In the past decade, Tom Whalen, a 27-year-old Baltimore County man, has had jobs at an animal shelter, a mailroom, multiple grocery stores, a doggy day-care center and a landscaping company.
He is chatty, outgoing and engaging, quick to win over strangers and ask for opportunities. Then, in short order, he loses them.
“He could get jobs,” says his mother, Sue.
“The problem is maintaining them,” adds his father, Ed.
Tom was born with a heart defect, took forever to potty train and played mostly by himself during preschool. He was in kindergarten when an observant teacher offered the Whalens a hypothesis that might explain their son’s behavior: autism.
The next 12 years of school were marked by special-education plans, adapted-learning strategies, personalized assistance and lunches spent at what Tom remembers as “the reject table.” But it was also a haven of structure, safety and socialization. He had a place to go, people to look out for him, opportunities every day to learn and find his strengths. (Tom could solve complicated math problems in his head — he just couldn’t explain to teachers how he’d done it.)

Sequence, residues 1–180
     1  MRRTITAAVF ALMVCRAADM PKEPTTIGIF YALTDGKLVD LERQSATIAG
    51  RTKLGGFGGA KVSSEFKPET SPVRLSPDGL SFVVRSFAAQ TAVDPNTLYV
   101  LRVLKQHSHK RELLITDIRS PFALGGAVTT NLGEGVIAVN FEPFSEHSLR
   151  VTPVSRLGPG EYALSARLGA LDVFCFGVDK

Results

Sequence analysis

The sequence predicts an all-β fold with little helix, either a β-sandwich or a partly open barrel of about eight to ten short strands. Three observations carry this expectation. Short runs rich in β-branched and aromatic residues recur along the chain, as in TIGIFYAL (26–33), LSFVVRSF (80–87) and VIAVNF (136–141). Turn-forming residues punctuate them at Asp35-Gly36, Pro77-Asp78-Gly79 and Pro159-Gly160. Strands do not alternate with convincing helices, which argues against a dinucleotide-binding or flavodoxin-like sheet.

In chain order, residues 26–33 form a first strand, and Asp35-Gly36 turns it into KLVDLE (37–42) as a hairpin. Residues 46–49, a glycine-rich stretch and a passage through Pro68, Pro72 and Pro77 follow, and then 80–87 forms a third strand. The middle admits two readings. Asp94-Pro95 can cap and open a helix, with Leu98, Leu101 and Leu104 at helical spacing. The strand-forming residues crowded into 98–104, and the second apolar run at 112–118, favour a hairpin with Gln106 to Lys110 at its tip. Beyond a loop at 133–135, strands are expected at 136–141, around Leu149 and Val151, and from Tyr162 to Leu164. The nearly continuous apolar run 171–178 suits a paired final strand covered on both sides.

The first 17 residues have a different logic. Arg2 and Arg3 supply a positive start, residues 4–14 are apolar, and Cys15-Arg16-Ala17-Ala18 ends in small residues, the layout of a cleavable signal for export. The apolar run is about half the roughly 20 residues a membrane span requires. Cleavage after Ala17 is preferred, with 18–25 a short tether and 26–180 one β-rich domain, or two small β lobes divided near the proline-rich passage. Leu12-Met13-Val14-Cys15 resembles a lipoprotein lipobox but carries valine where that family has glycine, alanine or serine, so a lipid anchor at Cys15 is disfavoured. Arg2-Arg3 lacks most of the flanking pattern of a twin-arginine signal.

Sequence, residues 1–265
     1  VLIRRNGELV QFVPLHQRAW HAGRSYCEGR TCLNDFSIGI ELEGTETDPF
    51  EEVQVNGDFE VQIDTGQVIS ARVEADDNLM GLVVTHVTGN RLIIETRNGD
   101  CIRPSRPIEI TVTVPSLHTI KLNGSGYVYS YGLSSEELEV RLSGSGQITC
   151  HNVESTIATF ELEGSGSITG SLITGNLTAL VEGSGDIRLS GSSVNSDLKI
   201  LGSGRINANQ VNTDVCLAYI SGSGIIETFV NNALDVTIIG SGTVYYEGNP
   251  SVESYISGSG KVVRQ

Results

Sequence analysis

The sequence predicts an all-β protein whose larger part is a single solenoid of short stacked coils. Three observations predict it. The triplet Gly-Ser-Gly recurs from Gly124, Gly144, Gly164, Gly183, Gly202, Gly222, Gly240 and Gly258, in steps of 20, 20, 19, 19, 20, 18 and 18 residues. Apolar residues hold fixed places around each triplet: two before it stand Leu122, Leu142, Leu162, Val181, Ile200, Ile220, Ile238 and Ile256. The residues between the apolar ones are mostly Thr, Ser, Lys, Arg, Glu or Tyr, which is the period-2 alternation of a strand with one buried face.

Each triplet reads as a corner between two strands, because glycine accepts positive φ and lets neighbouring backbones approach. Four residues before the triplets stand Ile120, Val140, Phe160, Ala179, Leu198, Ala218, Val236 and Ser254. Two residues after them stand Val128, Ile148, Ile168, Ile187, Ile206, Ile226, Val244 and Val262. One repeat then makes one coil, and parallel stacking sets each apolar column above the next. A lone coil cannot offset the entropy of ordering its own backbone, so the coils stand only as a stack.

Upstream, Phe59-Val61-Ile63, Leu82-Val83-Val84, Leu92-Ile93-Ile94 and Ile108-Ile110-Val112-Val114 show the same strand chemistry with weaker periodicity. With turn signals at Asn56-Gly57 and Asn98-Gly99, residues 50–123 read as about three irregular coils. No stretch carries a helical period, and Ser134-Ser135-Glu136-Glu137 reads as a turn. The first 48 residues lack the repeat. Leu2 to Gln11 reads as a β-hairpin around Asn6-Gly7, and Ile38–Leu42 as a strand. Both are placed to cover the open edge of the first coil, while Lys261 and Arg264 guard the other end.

High school graduation was a victory and a plunge into the abyss. What now? “I was scared to death,” Sue says.
What Tom did first was attend community college, which didn’t work out very well. Without the rigid schedule and personalized support that aided him through high school, he drifted, often skipping class to sit in the campus library.
So he dropped out and started spending his days mostly alone at the family’s home in Northeast Baltimore. “At that point, I realized I have a bit of a wild streak,” Tom says with a smile. He wears Star Wars slippers and shifts his baseball cap up and down on his head as he sits on his parents’ couch.
Sue and Ed remember this period less fondly. Tom, who had been placed on a two-year wait list for help from Maryland’s Developmental Disabilities Administration (DDA), would load up his backpack, step outside and start walking toward the city skyline.
He would wander through Baltimore for miles, sometimes end up lost and then refuse to answer his cellphone because he didn’t want to get in trouble. Once, he got mugged. Sue felt herself edging toward a nervous breakdown.